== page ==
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dc.contributor.authorMirus, Annaliese
dc.date.accessioned2019-01-31T19:03:11Z
dc.date.available2019-01-31T19:03:11Z
dc.date.issued2018
dc.identifier.urihttps://hdl.handle.net/10652/4522
dc.description.abstractRESEARCH QUESTION: How can the design of a self-sufficient community reduce the environmental impacts of a New Zealand household? KEY OBJECTIVES ARE: 1.Investigate low-carbon construction in the residential sector. 2.Determine requirements for self-sufficient living. 3.Design elements of a self-sufficient village using low-carbon construction. The environmental impacts of the western lifestyle are leading society towards unsustainable future. ‘Out of sight’ land is being drained to support this way of living and is exhausting the planet’s resources. Through architectural intervention, sustainable lifestyles can be enabled and look to lessen societies impact on the environment. This project investigates self-sufficient principles to reduce the current impacts of the typical New Zealand household. The average citizen in New Zealand uses over five hectares of land to provide their lifestyle over one year, yet only lives on a 617 m2 property. A self-sufficient village is suggested to bring the out-of-sight land to the attention of the consumer, shedding light on the pressing issue. The design of the village also seeks to reduce the amount of land consumed by the average New Zealander to an area that the earth can sustainably replenish.
 Just under a third of global greenhouse gases emissions are contributed by the construction sector, this subject is also acknowledged as an obligatory issue architecture must address. Straw bale, timber and adobe construction are explored as viable low carbon alternatives to mainstream construction in an attempt to reduce the impact future construction will have on the environment. Projected demand for housing in the Queenstown Lakes District will see hundreds of new homes built in the area. The aim is to provide an environmentally sustainable alternative to these future developments, using self-sufficiency and low carbon construction as tools to obtain this goal. The outcome is a design for a sustainable community built on the edge of the Cardona Village.en_NZ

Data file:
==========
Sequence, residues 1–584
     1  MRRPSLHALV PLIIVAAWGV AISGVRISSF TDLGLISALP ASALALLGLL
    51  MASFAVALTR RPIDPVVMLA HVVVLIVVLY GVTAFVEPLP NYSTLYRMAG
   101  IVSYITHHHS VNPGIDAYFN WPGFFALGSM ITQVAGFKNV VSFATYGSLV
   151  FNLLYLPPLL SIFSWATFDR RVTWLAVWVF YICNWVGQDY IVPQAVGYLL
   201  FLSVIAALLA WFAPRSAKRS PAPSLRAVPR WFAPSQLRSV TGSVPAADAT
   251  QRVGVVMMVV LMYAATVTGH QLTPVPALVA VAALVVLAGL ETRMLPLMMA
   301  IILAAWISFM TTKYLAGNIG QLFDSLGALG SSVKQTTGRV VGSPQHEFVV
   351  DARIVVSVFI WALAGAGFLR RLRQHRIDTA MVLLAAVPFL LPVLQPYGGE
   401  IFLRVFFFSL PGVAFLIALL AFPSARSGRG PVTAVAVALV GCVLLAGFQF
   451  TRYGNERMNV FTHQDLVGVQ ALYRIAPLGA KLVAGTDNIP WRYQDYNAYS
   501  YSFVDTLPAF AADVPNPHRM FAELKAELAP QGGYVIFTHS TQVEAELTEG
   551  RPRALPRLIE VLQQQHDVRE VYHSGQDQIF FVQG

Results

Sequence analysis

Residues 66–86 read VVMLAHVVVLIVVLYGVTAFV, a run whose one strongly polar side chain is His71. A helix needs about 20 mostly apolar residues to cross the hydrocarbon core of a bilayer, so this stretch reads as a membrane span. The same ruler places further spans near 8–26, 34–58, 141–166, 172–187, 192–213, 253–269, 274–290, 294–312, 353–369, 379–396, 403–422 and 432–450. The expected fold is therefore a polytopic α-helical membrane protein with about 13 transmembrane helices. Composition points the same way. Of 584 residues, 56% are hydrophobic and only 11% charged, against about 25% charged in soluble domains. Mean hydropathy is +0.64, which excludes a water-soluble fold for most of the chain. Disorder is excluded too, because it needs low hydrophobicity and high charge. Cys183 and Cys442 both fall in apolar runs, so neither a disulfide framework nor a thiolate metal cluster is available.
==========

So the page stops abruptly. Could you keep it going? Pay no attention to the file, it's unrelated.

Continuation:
dc.language.isoenen_NZ
dc.subjectCardrona Village, New Zealanden_NZ
dc.subjectQueenstown Lakes District, New Zealanden_NZ
dc.subjectNew Zealanden_NZ
dc.subjectresidential housingen_NZ
dc.subjectresidential designen_NZ
dc.subjectself-sufficient communitiesen_NZ
dc.subjectenvironmental sustainabilityen_NZ
dc.subjectbuilding materialsen_NZ
dc.subjecteco-neighbourhoodsen_NZ
dc.subjectstraw bale housesen_NZ
dc.subjectclimate changeen_NZ
dc.titleShedding light on the out of sight - the design for a sustainable community that investigates the physical environmental impacts of the average New Zealand householden_NZ
dc.typeMasters Thesisen_NZ
thesis.degree.nameMaster of Architecture (Professional)en_NZ
thesis.degree.levelMastersen_NZ
thesis.degree.grantorUnitec Institute of Technologyen_NZ
dc.subject.marsden120104 Architectural Science and Technology (incl. Acoustics, Lighting, Structure and Ecologically Sustainable Design)en_NZ
dc.identifier.bibliographicCitationMirus, A. (2018). Shedding light on the out of sight - the design for a sustainable community that investigates the physical environmental impacts of the average New Zealand household. Explanatory document. A research project submitted in partial fulfillment of the requirements for the degree of Master of Architecture (Professional), Unitec Institute of Technology, Auckland, New Zealand.en_NZ
unitec.pages97en_NZ
dc.contributor.affiliationUnitec Institute of Technologyen_NZ
unitec.advisor.principalHall, Min
unitec.advisor.associatedFoote, Hamish


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